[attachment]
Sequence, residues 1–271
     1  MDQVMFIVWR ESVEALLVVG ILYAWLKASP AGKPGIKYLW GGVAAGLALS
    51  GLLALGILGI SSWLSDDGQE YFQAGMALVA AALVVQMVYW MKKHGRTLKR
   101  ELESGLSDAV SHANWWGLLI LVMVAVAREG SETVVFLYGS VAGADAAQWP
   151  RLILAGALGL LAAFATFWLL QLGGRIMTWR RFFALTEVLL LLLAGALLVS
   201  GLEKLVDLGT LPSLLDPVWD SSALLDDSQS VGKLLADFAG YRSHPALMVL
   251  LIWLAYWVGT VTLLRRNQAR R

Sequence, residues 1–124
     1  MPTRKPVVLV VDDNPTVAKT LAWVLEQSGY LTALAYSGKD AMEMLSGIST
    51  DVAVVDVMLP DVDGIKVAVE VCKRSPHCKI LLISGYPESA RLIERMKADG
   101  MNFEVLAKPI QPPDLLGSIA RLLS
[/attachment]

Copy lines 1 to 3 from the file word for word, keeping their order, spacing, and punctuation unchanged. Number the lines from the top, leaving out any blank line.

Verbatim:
Sequence, residues 1–271
     1  MDQVMFIVWR ESVEALLVVG ILYAWLKASP AGKPGIKYLW GGVAAGLALS
    51  GLLALGILGI SSWLSDDGQE YFQAGMALVA AALVVQMVYW MKKHGRTLKR